I’ve heard people use the term “Ashkenormity” as an argument that the world is simply biased in believing Ashkenazi history is somehow the centerpiece of the Jewish experience.
People say this but can’t it be argued that the reason why Ashkenazi Jewry seem to be at center is because Ashkenazi Judaism typically has taken the lead in terms of being one of the most influential branches in all of Judaism?
Orthodox, Conservative, and Reform are all Ashkenazi rooted movements. The political and philosophical shifts that occurred in modern Judaism are all rooted in that breakup.
The most influential organizations in all of modern Judaism can be tied to the Chasidic movement and the groups that formed out of that. Chabad being one of the more famous examples in terms of having an influential lead figure (The Rebbe) and creating a blueprint for Jewish outreach.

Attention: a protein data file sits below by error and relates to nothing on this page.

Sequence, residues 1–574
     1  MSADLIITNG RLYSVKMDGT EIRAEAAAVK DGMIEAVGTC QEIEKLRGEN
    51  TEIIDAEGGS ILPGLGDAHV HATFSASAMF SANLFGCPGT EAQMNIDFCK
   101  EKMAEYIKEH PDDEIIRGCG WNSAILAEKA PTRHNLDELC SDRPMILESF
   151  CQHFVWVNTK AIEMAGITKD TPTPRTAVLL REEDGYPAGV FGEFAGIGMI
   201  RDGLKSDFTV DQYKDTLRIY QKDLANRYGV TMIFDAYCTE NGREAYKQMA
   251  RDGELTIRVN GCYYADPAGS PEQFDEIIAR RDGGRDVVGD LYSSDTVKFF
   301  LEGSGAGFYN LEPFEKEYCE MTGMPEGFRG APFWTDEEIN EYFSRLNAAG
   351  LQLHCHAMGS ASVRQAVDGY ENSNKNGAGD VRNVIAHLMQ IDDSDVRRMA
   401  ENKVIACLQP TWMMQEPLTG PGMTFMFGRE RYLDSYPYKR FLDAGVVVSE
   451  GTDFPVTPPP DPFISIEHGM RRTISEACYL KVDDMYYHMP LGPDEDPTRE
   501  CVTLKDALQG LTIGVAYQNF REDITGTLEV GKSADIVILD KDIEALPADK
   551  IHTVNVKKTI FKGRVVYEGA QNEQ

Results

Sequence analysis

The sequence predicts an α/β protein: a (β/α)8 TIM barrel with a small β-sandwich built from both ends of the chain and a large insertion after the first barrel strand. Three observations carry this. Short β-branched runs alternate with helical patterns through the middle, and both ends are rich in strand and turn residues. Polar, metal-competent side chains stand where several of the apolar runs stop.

The most notable Jewish political and cultural organizations are typically founded or headed by Ashkenazi Jews (ZOA – Morton Klein | AJC – John Shapiro | World Jewish Congress – Ronald Lauder | Benjamin Frankel (Founded Hillel) | The first Israeli PM was Ben Gurion (Polish born Jew) | etc.
I hear a lot of folks argue that they think Ashkenazi Jews get this centralized place in Jewish society. Can’t it be argued that the reason it may seem that way is Ashkenazi Jews are typically more active in many areas of modern Jewish religious/cultural/political life?